Welcome to Bliss/Aquamarine - alternative, underground and indie music.


There's been good and bad news about PINK HEDGEHOG RECORDS since last issue's feature on the label. The good news is that Simon did not end the CD side of the label as soon as expected, and Pink Hedgehog has released a handful of new CDs since last issue. Unfortunately however, efforts to keep Pink Hedgehog alive as a CD label were sadly not successful in today's economic climate and Simon decided once and for all to pull the plug on the CD side of the label. Whilst there are no new CDs planned, Pink Hedgehog will still exist as a download label, and certain back catalogue CDs are still available for purchase. Everything I'm about to review came out since the last Pink Hedgehog feature in Aquamarine and should still be available in some form, whether as CD or download.

Schnauser have now released their second album, The Sound of Meat. Their first album, Kill All Humans, was accompanied by a joke press release claiming the band were Armenian and that they formed in circumstances so absurd that the whole story was plainly a spoof. I had picked up a few clues that Schnauser were actually an offshoot of The Lucky Bishops. Sure enough, Schnauser now admit that they are based in Bristol and include amongst their number The Lucky Bishops' Alan Strawbridge. The music continues in a similar vein to The Lucky Bishops - superb quality psych-pop with rockish elements and zany lyrics - though there is perhaps even more overt quirk-factor on offer here than on The Lucky Bishops' albums. The humour here is weird, dark, and at times quite rude, and perhaps best avoided by those without strong stomachs. Twins of Evil is ultra-melodic psych-pop with a large helping of quirkiness. I Couldn't Fuck A Gorilla, the title being pretty typical of this band's sense of humour, is a decidedly off-kilter instrumental bringing together aspects of silent movie soundtrack, circus music and prog. Nobody Loves Me is brilliant 60s-ish psych-pop. "Welcome to my world of whimsy/Where everything is light and flimsy/And sandwiches are made by Mumsy", intones Alan at the start of the inventive patchwork of craziness that is World of Whimsy - a song that jumps around at tangents throughout, taking in aspects of the quirkier, more lighthearted side of mod and a large quantity of psychedelic wackiness. Homeless features a guest appearance from Simon Swarbrick (nephew of Fairport Convention's Dave Swarbrick) on multiple stringed instruments. Lyrics about being down on your luck and freezing your ass off sit deliberately incongruously with the sophisticated classical-style string arrangement and proggy surrealism. Finally there's an uncredited bonus track that's a spoof on easy listening crooner music. A great album that shows music that is intelligently written with a high standard of musicianship does not have to take itself too seriously.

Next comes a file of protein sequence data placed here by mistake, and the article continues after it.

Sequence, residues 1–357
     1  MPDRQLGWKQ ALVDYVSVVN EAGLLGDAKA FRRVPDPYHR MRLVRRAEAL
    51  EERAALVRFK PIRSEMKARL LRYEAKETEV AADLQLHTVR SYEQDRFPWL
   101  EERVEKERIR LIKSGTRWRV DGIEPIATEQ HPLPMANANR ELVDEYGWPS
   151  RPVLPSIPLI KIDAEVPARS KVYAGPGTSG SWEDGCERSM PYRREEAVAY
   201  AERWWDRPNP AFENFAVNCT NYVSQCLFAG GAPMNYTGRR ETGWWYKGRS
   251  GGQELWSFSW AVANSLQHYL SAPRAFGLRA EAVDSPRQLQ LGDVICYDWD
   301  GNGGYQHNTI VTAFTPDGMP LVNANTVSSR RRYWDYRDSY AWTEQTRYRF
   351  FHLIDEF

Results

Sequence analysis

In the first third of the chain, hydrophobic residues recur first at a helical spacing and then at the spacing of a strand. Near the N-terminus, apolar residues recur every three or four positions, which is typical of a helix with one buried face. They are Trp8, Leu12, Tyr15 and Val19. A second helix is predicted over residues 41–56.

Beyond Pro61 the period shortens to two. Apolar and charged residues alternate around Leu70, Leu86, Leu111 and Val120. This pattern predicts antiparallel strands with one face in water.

Pink Hedgehog was initially set up by Simon Felton to self-release CDs by his own band Garfields Birthday. Some of the band's early home and studio recordings have been collected for the anthology Tea and Sympathy, which is out on a label called Songs and Whispers, but is available from Pink Hedgehog. The sleeve proclaims the music of Garfields Birthday to be "Indie Pop for Lost Romantic Souls", which says a lot about where they are coming from. You get summery melodies, ba-ba-bas, vocal harmonies, tambourine, handclaps - but as will be seen, Garfields Birthday are also unafraid to explore musical territories outside of indiepop, making sure their sound is far from one-dimensional. Mad Old Bird is coming from a similar direction to Teenage Fanclub. Eye to Eye has a darker and heavier feel than much of Garfields Birthday's other stuff, with distorted vocals and guitar, and overflowing with raw emotion. Thick Ear nods towards 60s US folk-rock bands such as The Byrds, as well as the aforementioned Teenage Fanclub. Jennifer is old-school janglepop with added psychedelic guitar effects, piano and synthesised cello. Slumberland Blues is a gentle acoustic pop song with vocal harmonies. The Filthy Underground is an ultramelodic song with 60s-style organ, that sits just as comfortably in the mod or powerpop categories as it does within indiepop. The Norm features a massive wall of atmospheric guitar noise and some brooding, almost gothic synth, but certainly isn't all doom 'n' gloom - just check out that hugely catchy chorus! Old England is a minimalistic acoustic song; its melody sounds a bit Oasis-ish at times. I was never a fan of Oasis or the wider 'Britpop' scene, preferring the more underground manifestations of indie music, but Garfields Birthday's take on this sound is much more underground-friendly with its sparse acoustic arrangement and complete lack of arrogance and swagger.